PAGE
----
About Connie Kaldor
Just when you think youve got it all figured out, something roars in and it turns you about.
Connie Kaldor wrote this and more about the unexpected twists and turns of life and love for her latest album Love is a Truck. She could well have been writing about her personal artistic complexities. Music pundits have tried to define the essence of the prairie-born acoustic performer for over two decades but even the most eloquent have fallen short of perfection.
Fact is, Connie Kaldor is a performer without borders. A contradiction in terms. She is a Juno-award winning singer who has flourished on the folk music scene for over two decades yet her repertoire of original material blurs musical boundaries, embracing elements of gospel, rock, country and western, folk, blue grass and adult contemporary.
She is an artist of substance without pretension, witty and urbane without condescension. She is a fearless chronicler of the human experience without the folksong angst. She has recorded nine albums, sold tens of thousands of copies, but has never had a commercial hit.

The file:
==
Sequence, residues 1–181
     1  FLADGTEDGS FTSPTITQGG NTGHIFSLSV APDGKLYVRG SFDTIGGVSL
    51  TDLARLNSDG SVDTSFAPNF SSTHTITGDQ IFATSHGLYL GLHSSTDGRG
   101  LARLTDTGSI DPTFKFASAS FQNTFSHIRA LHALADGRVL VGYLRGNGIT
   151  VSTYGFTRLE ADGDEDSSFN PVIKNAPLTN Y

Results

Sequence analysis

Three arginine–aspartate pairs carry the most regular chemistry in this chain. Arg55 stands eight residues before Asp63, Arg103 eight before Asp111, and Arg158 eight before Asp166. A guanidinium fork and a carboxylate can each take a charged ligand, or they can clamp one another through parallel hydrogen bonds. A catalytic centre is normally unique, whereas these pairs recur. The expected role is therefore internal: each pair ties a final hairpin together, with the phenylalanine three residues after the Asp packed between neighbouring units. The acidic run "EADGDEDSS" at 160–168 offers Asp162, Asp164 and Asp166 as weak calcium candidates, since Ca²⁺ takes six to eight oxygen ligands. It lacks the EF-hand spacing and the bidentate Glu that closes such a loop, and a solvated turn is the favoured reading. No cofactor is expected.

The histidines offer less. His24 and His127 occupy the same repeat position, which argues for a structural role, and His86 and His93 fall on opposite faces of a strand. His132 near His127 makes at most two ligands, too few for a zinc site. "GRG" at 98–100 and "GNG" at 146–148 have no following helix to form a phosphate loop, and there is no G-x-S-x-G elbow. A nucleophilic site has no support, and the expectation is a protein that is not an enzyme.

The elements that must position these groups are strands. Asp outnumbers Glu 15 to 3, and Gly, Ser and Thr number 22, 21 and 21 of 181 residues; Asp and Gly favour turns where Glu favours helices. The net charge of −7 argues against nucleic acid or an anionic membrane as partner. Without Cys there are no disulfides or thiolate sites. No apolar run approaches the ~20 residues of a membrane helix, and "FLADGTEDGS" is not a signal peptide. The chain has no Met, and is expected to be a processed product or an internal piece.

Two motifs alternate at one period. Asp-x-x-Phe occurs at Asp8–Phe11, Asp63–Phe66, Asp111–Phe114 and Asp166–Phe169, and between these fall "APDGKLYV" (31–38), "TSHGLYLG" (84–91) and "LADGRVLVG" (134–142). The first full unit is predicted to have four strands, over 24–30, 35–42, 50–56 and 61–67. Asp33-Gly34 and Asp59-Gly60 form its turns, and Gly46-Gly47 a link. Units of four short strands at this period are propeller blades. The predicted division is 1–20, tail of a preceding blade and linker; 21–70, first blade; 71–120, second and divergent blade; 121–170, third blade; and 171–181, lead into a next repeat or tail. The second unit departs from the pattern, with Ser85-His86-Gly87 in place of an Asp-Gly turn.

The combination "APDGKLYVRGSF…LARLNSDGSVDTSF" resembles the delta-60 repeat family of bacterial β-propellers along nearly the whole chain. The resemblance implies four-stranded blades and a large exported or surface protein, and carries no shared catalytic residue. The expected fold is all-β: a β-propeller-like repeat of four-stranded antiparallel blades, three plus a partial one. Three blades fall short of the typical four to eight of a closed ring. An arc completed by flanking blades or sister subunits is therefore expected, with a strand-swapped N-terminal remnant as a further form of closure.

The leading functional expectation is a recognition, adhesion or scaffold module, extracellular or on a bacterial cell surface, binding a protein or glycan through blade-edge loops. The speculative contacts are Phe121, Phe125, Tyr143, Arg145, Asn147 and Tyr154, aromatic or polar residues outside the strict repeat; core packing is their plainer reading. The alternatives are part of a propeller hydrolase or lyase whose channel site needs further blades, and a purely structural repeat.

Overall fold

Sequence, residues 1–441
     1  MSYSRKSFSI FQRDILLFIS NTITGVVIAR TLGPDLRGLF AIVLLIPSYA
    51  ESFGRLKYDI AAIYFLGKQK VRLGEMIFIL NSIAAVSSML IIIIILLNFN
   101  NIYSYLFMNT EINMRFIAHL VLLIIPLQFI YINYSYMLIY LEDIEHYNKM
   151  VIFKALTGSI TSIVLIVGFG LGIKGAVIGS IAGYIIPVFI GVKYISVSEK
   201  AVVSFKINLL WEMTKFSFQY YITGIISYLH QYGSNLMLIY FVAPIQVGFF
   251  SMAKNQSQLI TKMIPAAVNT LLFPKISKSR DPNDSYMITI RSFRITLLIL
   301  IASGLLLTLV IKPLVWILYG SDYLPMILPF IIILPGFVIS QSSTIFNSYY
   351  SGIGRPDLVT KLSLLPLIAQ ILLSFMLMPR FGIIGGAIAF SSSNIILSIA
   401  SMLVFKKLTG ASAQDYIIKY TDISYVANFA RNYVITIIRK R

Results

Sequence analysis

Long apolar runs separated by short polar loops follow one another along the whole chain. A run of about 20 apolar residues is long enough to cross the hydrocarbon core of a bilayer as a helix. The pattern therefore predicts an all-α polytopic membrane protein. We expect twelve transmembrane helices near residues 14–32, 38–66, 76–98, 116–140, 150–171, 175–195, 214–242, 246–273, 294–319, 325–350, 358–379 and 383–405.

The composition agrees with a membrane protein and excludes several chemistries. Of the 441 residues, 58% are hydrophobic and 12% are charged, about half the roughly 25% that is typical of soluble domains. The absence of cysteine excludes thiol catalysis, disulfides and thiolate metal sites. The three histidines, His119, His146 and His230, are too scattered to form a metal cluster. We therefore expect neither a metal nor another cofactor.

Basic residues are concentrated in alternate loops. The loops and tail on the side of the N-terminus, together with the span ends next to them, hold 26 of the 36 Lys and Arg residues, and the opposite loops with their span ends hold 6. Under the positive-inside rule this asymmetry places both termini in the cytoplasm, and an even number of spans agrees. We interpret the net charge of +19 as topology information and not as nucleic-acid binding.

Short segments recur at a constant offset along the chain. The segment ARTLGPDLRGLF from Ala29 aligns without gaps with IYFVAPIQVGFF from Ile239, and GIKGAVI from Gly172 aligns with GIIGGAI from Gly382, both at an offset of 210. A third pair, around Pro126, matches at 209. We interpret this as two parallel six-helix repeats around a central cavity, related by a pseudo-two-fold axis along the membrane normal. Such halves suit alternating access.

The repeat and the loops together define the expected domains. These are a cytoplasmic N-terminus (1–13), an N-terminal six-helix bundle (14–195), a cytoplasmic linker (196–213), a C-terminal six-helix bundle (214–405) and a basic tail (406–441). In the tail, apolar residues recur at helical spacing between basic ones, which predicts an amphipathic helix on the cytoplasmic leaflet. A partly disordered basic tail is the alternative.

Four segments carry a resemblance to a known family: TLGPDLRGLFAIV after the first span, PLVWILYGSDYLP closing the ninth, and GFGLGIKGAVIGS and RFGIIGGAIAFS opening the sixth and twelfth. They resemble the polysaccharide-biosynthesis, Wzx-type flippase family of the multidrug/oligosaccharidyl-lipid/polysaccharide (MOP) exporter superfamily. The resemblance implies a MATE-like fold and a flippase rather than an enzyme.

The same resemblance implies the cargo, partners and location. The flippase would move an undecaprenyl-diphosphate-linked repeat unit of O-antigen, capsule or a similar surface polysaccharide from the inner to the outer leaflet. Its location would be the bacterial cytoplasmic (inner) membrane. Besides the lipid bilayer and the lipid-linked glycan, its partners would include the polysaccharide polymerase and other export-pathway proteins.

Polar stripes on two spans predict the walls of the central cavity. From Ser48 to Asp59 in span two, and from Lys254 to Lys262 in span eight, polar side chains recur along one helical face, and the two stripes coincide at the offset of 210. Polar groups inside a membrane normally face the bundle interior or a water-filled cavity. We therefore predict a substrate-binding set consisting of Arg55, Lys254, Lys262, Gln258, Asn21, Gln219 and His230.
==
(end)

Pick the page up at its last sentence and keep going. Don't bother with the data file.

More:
Her live performances are legendary and her fan base broad and fiercely loyal. People come back to see her again and again because a Connie Kaldor performance is about more than just the power of music. It is also about the power of personality. What she says between songs is as intriguing as the lyrics she sings.
She has travelled prairie backroads to visit modest community centres and sold out concert halls in major cities. From Bejing to New Dehli to Saskatoon to Washington, Connie has triumphed with a mix of song and spoken word honed in pacing and tone by the many years she spent performing.
Like many prairie girls in the 5os and 6os, Connie grew up singing in the church choir and listening to Patsy Cline and The Beatles on her record player. But it wasnt until the 1980s after four years spent performing with an avant garde theatre company in Toronto that Connie turned to music full time and was welcomed by the folk scene.
A musical bard whose music and lyrics have diverse appeal-appropriated for everything from anger management workshops for men to economic news letters to soundtracks for film. “Shes tough and shes tender. She sings with love and with anger indecently talented. ” Toronto Star.
A masterful performer, wildly funny one moment, deeply personal the next. The Boston Globe
Connie Kaldor was born in Regina, Saskatchewan in 1953 during a May blizzard on the heels of a heat wave. She’s been a study in contradictions ever since.
The music was always there. Her mother swears baby Connie sang from the cradle. Dad was the choir director at the local Lutheran church, mom played the piano, older brother played guitar and tuba, younger brother played the trumpet, and older twin sisters played piano. Singing in the church choir every Sunday gave Connie the opportunity to test her range and it was evident from the beginning that the voice was there for the asking. But music was not her initial career of choice.